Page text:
How Should Wisconsin Address Its Worsening Physician Shortage?

According to the Wisconsin Hospital Association (WHA), by the year 2030, the state will face a shortfall of at least 2,000 physicians, particularly primary care practitioners and those practicing in rural areas and inner-city Milwaukee. The WHA places part of the blame on federal health care reform initiatives, which will increase the number of insured persons, nationally, by an estimated 30 million people. An additional culprit is the state’s reliance on recruiting physicians from other states due to the failure to retain medical school graduates from the state’s two medical schools. Considering the rapidly aging population of Wisconsin, the resulting number of retiring physicians, and the growing number of insured persons, the WHA concludes that the state must produce at least 100 new physicians per year, in addition to the number currently produced, in order to meet the increasing demand.

Since federal health reform and the aging population will increase the demand for physicians in all states, Wisconsin will find it more difficult to rely on the recruitment of physicians from other states. The two Wisconsin medical schools currently graduate 340 new doctors per year; however, only 38 percent of those graduates remain in Wisconsin to practice medicine. Consequently, the state has been recruiting approximately 720 physicians per year from out-of-state.

The WHA maintains that the best solution to retain medical school graduates is to increase the number of “home-grown” physicians from Wisconsin. The state in which a graduate completes his or her residency is a strong predictor of where that doctor will ultimately practice, with 70 percent of in-state medical students who complete their residencies in Wisconsin electing to practice in Wisconsin. The WHA is currently investigating ways to increase the number of residency spots in the state, as well as the capacity of medical schools.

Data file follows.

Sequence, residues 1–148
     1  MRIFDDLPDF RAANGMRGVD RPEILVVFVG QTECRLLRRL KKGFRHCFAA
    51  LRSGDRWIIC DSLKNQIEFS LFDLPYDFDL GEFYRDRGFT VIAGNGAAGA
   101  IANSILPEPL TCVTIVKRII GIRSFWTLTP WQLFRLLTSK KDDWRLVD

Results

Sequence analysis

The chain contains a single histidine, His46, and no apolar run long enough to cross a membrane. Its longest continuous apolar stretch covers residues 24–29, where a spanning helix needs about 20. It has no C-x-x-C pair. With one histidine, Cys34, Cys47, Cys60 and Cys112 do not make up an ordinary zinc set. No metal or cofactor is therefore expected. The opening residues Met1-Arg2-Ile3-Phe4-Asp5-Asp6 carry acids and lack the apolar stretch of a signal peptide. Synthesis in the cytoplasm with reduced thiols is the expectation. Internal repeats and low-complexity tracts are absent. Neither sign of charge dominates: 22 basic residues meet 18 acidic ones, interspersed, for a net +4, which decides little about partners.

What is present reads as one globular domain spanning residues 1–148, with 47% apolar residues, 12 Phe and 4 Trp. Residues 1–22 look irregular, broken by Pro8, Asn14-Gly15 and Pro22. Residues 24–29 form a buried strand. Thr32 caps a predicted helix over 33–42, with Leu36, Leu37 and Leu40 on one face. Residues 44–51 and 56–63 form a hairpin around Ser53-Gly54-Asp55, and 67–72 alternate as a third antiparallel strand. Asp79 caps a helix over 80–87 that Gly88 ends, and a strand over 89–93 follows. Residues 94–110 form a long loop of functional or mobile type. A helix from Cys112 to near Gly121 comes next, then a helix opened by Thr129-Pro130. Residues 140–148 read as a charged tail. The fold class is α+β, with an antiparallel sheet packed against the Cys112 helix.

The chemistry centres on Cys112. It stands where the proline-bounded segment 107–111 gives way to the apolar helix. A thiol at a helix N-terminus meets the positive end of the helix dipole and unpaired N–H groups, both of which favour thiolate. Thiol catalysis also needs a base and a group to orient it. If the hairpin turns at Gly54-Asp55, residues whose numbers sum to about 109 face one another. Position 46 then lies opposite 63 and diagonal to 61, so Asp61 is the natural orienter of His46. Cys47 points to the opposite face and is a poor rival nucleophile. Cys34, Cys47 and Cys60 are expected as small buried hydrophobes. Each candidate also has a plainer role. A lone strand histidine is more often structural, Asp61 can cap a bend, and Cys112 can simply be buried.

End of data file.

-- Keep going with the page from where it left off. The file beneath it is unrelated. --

Major roadblocks to increasing residency positions have been state budget cuts affecting residency funding and a cap on the amount Medicare will contribute to funding such positions. Some residency spots have been entirely funded by the hospitals themselves, which are struggling with their own budgets. According to George Quinn, the senior policy advisor of WHA, a collaborative approach is necessary among various “stakeholders,” including providers, hospitals, communities and the state’s medical schools, in order to find a funding solution.

While both state medical schools have made attempts to increase enrollment, some advocate that a third medical school is necessary to produce the additional 100 graduates per year, particularly those who will practice in rural areas. Aspirus Health System, located in rural Wisconsin, is investigating the development of a new medical school in northern Wisconsin. If the results of a feasibility study, due in February 2012, are positive and Aspirus can attain enough financial support, it hopes to enroll 100 students per year with the first class graduating in 2017.

Other solutions suggested include the forgiveness of medical education debt for graduates who choose to practice in Wisconsin and a movement toward a multi-disciplinary team approach to health care delivery. One thing is for certain: action taken to address the shortage must be swift. Any time wasted will only deepen the crisis.